The complexity of the inner ear makes it extremely susceptible to damage, so that alone in Europe at least 85 million people suffer from hearing impairment

 

Hearing loss is the most common sensory disability in the industrialized countries where it affects about 1 in 7 people. Alarmingly, about 1 in a 1000 children is born permanently hearing-impaired, or will develop severe to profound hearing impairment before speech is acquired. The genetic contribution is estimated to be 40-60%. Environmental factors causing hearing loss are infections, ototoxic drugs, acoustical trauma, and ageing. By the age of 80, approximately 50% of the population is afflicted by hearing impairment. Most hearing-impaired persons suffer from sensorineural hearing loss – a malfunction of the cochlea. This is because damaged sensory cells and supporting structures are not replaced spontaneously, as they are for example in the skin. There is no causal therapy for sensorineural hearing loss. There is no differential diagnosis for cochlear hearing loss. Diagnosis and therapy are hindered because we still do not understand the function and dysfunction of the cochlea. Moreover, the appropriate technology is not available.

 

Our mission in the Section of Physiological Acoustics and Communication is to understand the basis of sound processing by the healthy and pathological cochlea, as well as to develop new tools for differential diagnosis. The Section was founded in 1992 by the Medical Faculty of the University of Tübingen. The founding leader is Anthony W. Gummer. We are a multi-disciplinary research group, consisting of biologists, clinicians, engineers and physicists. Medical doctors are actively involved in research to ensure synergism between research and clinic.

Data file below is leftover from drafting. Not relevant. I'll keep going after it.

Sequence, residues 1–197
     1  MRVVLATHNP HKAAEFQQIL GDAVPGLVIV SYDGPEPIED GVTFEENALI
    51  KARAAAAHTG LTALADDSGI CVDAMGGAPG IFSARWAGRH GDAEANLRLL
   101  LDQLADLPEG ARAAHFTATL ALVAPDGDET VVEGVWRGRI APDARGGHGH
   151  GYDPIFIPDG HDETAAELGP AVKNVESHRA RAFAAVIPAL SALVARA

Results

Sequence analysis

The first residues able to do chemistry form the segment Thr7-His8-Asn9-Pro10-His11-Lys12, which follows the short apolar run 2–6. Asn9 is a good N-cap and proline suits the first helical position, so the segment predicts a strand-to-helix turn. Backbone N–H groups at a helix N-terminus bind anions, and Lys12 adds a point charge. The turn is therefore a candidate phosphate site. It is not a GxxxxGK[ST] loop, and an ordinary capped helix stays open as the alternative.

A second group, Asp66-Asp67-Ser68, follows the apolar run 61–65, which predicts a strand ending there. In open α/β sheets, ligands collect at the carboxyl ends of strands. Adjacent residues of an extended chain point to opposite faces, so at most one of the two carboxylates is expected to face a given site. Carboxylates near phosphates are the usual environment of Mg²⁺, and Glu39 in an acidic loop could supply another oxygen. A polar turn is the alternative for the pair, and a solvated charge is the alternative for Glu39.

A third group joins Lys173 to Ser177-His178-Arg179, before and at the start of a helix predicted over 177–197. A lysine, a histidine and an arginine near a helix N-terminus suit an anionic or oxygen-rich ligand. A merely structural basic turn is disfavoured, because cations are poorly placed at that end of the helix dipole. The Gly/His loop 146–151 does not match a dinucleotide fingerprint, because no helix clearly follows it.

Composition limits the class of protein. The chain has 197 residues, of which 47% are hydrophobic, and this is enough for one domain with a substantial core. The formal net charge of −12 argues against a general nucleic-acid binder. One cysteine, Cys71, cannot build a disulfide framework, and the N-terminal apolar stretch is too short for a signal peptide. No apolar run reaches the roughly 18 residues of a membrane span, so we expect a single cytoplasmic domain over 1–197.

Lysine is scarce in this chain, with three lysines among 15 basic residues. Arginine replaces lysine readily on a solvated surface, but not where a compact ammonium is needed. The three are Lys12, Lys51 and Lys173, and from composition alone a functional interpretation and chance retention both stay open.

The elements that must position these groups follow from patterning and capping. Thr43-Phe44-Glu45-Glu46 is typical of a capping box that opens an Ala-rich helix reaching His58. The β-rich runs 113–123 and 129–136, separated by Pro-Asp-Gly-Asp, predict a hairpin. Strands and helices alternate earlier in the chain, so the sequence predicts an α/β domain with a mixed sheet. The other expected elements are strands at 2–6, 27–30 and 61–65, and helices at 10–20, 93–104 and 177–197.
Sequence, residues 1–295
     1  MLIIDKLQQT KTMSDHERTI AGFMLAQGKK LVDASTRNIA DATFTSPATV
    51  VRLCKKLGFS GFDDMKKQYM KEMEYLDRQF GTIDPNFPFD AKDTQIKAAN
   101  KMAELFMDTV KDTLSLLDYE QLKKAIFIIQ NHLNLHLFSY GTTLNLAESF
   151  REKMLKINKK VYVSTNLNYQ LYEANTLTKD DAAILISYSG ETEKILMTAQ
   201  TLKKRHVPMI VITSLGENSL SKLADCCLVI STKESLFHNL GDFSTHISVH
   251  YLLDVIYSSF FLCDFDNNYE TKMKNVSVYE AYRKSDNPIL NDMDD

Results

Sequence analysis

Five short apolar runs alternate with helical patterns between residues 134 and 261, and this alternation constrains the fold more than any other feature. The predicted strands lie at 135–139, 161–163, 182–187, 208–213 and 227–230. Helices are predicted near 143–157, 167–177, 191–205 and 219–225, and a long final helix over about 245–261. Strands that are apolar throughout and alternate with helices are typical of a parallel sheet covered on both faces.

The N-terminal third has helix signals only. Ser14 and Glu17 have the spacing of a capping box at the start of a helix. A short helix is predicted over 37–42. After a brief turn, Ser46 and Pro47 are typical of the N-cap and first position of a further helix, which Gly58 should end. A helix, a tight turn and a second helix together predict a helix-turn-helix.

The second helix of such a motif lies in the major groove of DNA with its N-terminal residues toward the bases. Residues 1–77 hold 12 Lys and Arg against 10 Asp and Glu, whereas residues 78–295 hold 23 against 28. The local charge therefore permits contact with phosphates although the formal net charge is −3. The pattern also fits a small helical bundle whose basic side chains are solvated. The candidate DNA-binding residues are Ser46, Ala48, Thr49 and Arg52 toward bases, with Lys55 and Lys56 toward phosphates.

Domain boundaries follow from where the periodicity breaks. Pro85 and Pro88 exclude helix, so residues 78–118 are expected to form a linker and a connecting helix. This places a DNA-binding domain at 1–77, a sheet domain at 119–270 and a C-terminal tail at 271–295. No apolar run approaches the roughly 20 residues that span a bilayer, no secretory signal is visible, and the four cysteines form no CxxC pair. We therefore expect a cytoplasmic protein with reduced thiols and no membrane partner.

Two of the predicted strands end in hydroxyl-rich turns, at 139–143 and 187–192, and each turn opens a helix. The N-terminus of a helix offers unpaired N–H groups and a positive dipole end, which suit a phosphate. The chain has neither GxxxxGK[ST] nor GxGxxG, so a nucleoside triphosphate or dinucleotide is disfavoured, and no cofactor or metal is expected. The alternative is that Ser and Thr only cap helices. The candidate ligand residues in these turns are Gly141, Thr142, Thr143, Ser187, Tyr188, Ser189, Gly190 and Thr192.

The cochlea is a mechanoelectrical transducer required to transform mechanical vibrations of the middle ear into electrical signals in the auditory nerve. To enable humans to process sound and communicate, this transducer is required to satisfy specifications not yet achieved by any human-made system:

  • detection under a nanometer near auditory threshold of 0 dB SPL

  • operation over an intensity range of 120 dB SPL (a factor of 106)

  • detection of intensity changes of 1 dB

  • operation over a frequency range of 20 Hz to 20,000 Hz

  • detection of frequency changes of 1 Hz in 1,000 Hz

  • operation in noisy environments

 

These specifications must be achieved by biological structures that are viscous, inherently slow and subject to damage.

 

We achieve our research goals by:

  • experimentally reducing the cochlea to its individual components, to study its basic mechanical, electrical and molecular properties

  • re-synthesizing the cochlea piece-by-piece, to study the relationship between its components

  • using the results from this basic research to develop new diagnostic strategies

 

We conduct experiments on:

  • isolated cells and membranes

  • organotypic cultures of the organ of Corti

  • explants of the organ of Corti

  • human subjects, both normal hearing and patients

 

Our methods include:

 

 

 

 

 

Childrens' Research Day

 

Understanding the Cochlea

Order


Biophysics of the Cochlea

 

CD for Tinnitus & Hyperacusis Therapy